We never got anywhere near it. From Valiasr crossing we felt a heavier police presence and even before we got anywhere near the university we were stopped and pushed by soldiers into one sidestreet. We got back from another, and went to the side and moved on but a little near the university gate as the crowd got thicker we saw the water cannon being used against the people (which could be even welcoming in the hot afternoon sun) but then the police started to get nasty and began to shout and push and people started to run and people were pushed over; and I heard people screaming and shouting. I lost my friends as I jumped into the joob (gutter). I heard glass being broken and felt the batons. I felt my eyes and throat hurting - obviously they had thrown tear gas in our direction. At that moment I felt a baton being used near me and I heard someone shouting get out of the joob, it is a trap. Then I looked up and the heavenly hand of a young lady pulled me out and I was near a wall and walking very fast north trying not to trip over the motorbike that had fallen on the ground or people who had fallen. Some people opened their door to people and then shut them as they did not want any unwelcome guests later. People started to light fires using paper or rubbish. But I was lucky as by a second miracle, a few streets from where I had dived into the joob, I found my friend and I was given a nice clean bandage soaked in apple vinegar. Thank you my dear friend who held my hand as we were running along, dashing here and there in the streets near Tehran University. It felt so good to be looked after.
By now we were in Bozorgmehr Street and saw people being rushed towards us. The security forces would divide people and then rush them by scaring them and hitting them and that way disperse them. Very effectively they divided the crowd by frightening the hell out of them. A couple of times people started to say Allah-o-Akbar as they saw the police motorcycles passing by, and when a young lady who had been injured was getting into a waiting ambulance, some people went and got her out and put her in a car, that was passing by with difficulty, to go to a hospital. When I asked why, I was told that the ambulance would have taken her to a government hospital and there they had to report her case to the authorities! I was amazed!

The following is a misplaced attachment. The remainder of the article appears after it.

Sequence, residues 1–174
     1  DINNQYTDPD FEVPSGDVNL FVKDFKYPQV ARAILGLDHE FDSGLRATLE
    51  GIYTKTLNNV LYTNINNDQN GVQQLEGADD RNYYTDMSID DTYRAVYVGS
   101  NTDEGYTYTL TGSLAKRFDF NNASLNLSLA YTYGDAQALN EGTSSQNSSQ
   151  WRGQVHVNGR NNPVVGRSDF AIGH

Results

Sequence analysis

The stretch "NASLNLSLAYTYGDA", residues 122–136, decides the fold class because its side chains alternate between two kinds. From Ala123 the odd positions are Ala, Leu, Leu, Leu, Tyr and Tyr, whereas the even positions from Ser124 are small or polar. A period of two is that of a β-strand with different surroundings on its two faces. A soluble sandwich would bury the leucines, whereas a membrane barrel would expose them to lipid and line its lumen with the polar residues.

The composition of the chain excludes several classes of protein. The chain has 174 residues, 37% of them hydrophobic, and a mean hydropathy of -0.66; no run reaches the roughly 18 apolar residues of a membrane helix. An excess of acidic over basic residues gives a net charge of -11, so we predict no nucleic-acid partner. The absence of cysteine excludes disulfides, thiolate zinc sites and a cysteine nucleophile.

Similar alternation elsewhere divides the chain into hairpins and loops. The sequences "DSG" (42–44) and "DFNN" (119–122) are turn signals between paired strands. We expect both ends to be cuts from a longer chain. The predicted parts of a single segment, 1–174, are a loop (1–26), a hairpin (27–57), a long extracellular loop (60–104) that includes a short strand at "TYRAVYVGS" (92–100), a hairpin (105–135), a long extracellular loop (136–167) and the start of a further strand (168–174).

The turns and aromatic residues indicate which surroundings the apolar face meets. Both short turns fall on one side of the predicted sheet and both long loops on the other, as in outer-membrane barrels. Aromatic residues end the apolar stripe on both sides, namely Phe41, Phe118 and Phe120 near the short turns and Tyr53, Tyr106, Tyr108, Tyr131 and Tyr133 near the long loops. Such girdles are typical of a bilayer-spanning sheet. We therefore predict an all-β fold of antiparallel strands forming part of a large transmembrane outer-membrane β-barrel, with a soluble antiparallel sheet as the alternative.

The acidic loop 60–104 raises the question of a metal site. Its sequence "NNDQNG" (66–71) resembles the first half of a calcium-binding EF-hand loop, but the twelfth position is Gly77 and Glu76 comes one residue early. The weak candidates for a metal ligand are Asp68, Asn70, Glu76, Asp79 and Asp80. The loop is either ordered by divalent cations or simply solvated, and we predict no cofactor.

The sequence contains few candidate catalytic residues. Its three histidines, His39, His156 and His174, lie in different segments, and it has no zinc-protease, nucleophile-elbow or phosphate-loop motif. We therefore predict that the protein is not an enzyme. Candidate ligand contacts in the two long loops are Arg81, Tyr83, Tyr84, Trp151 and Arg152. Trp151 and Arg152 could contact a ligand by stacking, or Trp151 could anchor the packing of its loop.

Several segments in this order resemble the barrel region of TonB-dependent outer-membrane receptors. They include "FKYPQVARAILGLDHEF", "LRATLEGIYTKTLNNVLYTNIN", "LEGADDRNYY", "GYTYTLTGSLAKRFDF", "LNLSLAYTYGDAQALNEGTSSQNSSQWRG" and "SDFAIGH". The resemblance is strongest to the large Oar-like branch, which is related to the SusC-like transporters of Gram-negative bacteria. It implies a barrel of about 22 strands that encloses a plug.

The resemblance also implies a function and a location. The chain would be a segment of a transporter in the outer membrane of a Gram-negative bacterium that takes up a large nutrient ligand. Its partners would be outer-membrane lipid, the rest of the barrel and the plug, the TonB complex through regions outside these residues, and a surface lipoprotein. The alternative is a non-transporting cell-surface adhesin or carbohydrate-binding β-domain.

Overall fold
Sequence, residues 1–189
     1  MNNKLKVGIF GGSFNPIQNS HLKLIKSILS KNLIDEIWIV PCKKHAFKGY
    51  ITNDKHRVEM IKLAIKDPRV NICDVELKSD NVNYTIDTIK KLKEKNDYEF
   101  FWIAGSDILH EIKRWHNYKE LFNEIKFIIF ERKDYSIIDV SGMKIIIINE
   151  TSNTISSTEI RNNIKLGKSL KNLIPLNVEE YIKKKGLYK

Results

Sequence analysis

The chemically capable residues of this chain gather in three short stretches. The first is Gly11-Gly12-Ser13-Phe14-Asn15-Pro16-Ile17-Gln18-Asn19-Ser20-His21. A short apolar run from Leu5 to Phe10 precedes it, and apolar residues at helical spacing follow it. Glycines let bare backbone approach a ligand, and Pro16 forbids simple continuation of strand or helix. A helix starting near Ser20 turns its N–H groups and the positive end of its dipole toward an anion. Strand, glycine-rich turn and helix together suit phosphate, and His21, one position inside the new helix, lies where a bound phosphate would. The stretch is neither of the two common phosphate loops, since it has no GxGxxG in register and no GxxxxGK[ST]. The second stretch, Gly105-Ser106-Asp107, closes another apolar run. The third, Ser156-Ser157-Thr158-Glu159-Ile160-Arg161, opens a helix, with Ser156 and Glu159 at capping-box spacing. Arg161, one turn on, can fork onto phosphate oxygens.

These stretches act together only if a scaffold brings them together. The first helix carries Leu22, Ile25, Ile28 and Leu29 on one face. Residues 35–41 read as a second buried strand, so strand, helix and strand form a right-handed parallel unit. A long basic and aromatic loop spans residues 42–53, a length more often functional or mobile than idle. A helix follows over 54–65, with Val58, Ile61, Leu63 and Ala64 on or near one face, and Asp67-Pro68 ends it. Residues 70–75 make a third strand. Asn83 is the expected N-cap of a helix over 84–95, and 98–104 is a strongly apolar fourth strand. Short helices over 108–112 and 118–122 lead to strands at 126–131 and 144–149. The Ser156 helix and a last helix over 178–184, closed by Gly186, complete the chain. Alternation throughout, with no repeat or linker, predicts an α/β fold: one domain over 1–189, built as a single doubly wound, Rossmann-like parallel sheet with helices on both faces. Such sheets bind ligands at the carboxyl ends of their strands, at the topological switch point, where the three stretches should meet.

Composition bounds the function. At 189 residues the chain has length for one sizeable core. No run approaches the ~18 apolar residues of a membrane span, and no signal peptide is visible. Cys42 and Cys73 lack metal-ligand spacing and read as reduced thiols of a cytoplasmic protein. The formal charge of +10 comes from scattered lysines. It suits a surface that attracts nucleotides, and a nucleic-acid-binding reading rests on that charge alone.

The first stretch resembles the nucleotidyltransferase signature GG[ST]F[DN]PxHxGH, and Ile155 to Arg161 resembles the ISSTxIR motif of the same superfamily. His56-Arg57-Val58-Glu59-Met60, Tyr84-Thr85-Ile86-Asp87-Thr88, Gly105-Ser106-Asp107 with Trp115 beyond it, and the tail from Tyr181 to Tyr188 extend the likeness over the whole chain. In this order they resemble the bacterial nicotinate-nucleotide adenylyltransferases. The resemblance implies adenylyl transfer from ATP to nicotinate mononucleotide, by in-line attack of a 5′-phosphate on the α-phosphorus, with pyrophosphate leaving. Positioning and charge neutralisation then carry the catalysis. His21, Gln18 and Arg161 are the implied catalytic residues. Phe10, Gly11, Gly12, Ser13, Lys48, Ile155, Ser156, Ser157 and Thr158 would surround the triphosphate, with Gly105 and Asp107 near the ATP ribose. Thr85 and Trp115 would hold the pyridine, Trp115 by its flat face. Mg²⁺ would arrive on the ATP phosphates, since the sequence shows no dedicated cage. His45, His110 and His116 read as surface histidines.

However, since we were sent off into the side street and there was a very serious police presence from where we were towards the square, we decided to go back. Therefore, I have no idea how many people were there. I heard from other people that Mr Mousavi and Mr. Karoubi and Ms. Faezeh Hashemi and Mrs. Rahnavard and Mr. Khatami were there and Mr. Mousavi had made a short speech to state that he was ready to be a martyr of freedom. A friend who was at Azadi Square said that some people were sitting on the ground when she got there, but that her husband had persuaded her to leave. We heard helicopters flying over the area. Some people talked about heavy confrontation closer to the Square.
We had begun to walk home when we stopped to catch our breath and have a snack (balall- barbeque corn dipped in salty water) by Park Laleh. There we met new friends. It is amazing that at such times it becomes easy to make friends, as you all have been through such similar ordeal, so much that you immediately develop a bond of friendship. We started off passing more police all along the road and at dusk saw heavy smoke coming from south of where we were. Eventually after changing three taxis, where at least one of them was on their side and one we all felt a little too inquisitive for our liking, and with a lot of further walking, I got home three and half hours later but in one piece, tired but undamaged; and moreover hopeful that the Iranian people's wishes will come true only if we believe in it and are ready to show that we are serious about it!
I love the country but I can't stand the scene.
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... Payvand News - 06/21/09 ... --